When I would visit my grandmother in Dodge City, I often planned my trips around court house hours. This allowed me to search the land and probate records for my family in the Dodge City area.

On one of those trips, I visited Boot Hill and asked if they had a photograph collection. To my surprise, they took me upstairs to their small office and let me search their photographs. Among their collection, I found a picture of my second great-grandfather, Washington Marion Crawford! I’m looking forward to going back to Boot Hill once they have their new archives building opened!

In order to research my family before their arrival in Kansas, I needed to travel to libraries with a broader collection. In particular, I needed access to the federal census for other states (remember this is prior to the Internet). For that I turned to the Midwest Genealogy Center in Independence, Missouri.

Thanks to the Kansas Council of Genealogical Societies and Ruth Keys Clark, I had the opportunity to participate in a bus tour to the Family History Library at Salt Lake City — twice. 

This week long adventure allowed me to come home with piles of photocopies of land, probate and other records for my ancestors throughout the U.S.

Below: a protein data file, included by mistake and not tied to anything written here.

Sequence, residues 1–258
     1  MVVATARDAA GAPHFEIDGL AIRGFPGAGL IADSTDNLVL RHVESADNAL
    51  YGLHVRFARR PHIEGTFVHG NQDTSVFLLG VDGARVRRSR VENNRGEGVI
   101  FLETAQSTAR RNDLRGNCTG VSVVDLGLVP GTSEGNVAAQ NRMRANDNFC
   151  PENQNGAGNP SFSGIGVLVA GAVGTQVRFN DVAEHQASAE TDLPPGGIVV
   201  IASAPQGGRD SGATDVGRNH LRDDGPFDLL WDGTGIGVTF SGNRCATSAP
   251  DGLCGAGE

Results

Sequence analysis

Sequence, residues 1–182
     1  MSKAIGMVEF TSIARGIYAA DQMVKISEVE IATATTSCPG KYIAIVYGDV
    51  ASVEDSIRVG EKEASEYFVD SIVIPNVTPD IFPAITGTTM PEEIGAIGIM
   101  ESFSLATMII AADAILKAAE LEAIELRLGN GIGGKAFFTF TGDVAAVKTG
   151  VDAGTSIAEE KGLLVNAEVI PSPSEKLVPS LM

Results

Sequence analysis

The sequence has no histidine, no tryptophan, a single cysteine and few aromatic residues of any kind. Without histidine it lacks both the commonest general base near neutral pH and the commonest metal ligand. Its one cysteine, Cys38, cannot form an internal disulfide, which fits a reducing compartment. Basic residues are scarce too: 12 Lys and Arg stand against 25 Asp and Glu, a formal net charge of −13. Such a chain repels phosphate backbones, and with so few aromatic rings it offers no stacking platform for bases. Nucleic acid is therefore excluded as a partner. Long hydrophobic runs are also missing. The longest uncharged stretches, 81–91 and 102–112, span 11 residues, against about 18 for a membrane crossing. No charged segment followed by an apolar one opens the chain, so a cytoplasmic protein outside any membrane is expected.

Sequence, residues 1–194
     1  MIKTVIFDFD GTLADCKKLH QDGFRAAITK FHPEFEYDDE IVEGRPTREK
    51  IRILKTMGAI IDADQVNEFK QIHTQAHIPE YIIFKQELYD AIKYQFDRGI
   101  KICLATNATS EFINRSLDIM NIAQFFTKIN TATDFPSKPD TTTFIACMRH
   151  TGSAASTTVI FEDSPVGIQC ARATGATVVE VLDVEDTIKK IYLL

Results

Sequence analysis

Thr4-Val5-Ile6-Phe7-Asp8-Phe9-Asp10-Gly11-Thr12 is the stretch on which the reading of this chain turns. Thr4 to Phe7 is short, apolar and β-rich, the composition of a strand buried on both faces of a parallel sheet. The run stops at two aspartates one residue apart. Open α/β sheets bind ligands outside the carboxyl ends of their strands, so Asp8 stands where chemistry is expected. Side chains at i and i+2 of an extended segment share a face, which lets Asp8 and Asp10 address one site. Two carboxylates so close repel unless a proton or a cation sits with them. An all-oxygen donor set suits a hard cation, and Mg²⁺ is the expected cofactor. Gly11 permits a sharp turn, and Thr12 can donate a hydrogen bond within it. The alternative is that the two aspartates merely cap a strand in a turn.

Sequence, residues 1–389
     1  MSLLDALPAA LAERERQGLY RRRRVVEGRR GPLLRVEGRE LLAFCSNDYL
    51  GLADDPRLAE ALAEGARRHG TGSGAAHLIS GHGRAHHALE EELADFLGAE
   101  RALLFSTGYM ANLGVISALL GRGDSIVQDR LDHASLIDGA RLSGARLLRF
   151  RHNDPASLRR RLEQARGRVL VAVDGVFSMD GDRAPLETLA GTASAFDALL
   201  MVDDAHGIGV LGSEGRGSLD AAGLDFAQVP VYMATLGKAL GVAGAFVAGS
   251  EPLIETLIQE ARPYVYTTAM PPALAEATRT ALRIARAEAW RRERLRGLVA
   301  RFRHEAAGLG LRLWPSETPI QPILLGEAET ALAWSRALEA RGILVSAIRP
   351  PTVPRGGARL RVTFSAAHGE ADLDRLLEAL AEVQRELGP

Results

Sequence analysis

In 1985, I became the librarian for Nemaha Valley High School and my library experience shifted from a user to being the librarian. Working with students on research projects helped me develop my research skills. I also improved my knowledge of U.S. history by assisting with various history projects over the years.

In 1992, my library world began to change as implemented an electronic catalog and a NETWORK. Slowly, my network of two computers began to grow as teacher computers and a dedicated server were added to my network. My job responsibilities also began to change as I became responsible for the functioning of the network and computers.

My research skills were enhanced as I learned how to use Dialog to access magazine databases over a dedicated modem. As the Internet began to develop, so did our access.

As each new tool became available, I had to learn how to use it, not only for my own work, but also so I could help others learn to use it. I’m thankful for this time of constant learning since I can apply those skills to my genealogy work today.

Today’s genealogical research is significantly different than when I first started. There is so much available from my own home.

However, I still need access to resources not available on the Internet. For books, I still travel to the Midwest Genealogy Center and enjoy their new setting.

For local records, I turn to Family Search. Many of the rolls of microfilm that I used in Salt Lake have now been digitized. I am finding that a lot of those digitized records are available on my home computer. For those locked records, I simply visit my local library where the librarian applied for and received approval to be an Affiliate Library for Family Search.